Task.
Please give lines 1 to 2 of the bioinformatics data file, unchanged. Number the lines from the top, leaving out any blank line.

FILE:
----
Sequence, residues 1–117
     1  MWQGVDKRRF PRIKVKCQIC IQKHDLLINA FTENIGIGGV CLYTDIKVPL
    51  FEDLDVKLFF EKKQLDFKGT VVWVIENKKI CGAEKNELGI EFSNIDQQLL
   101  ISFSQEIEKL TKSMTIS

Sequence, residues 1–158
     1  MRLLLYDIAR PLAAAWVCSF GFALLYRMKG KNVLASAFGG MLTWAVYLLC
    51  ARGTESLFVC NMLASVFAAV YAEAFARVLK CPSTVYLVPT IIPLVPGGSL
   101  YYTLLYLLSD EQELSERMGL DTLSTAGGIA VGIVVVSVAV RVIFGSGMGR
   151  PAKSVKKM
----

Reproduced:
Sequence, residues 1–117
     1  MWQGVDKRRF PRIKVKCQIC IQKHDLLINA FTENIGIGGV CLYTDIKVPL